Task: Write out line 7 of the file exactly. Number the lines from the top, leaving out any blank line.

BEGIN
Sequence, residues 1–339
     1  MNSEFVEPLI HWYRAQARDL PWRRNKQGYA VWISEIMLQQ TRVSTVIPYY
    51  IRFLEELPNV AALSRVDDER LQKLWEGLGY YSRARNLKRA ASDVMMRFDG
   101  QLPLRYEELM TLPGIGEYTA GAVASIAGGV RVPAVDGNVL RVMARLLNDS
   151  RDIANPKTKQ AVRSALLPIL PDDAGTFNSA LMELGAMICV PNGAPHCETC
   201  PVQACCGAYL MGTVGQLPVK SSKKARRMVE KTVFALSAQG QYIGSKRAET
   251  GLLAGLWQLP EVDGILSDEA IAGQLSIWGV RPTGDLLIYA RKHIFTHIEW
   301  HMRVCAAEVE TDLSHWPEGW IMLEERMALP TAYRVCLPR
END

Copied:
   251  GLLAGLWQLP EVDGILSDEA IAGQLSIWGV RPTGDLLIYA RKHIFTHIEW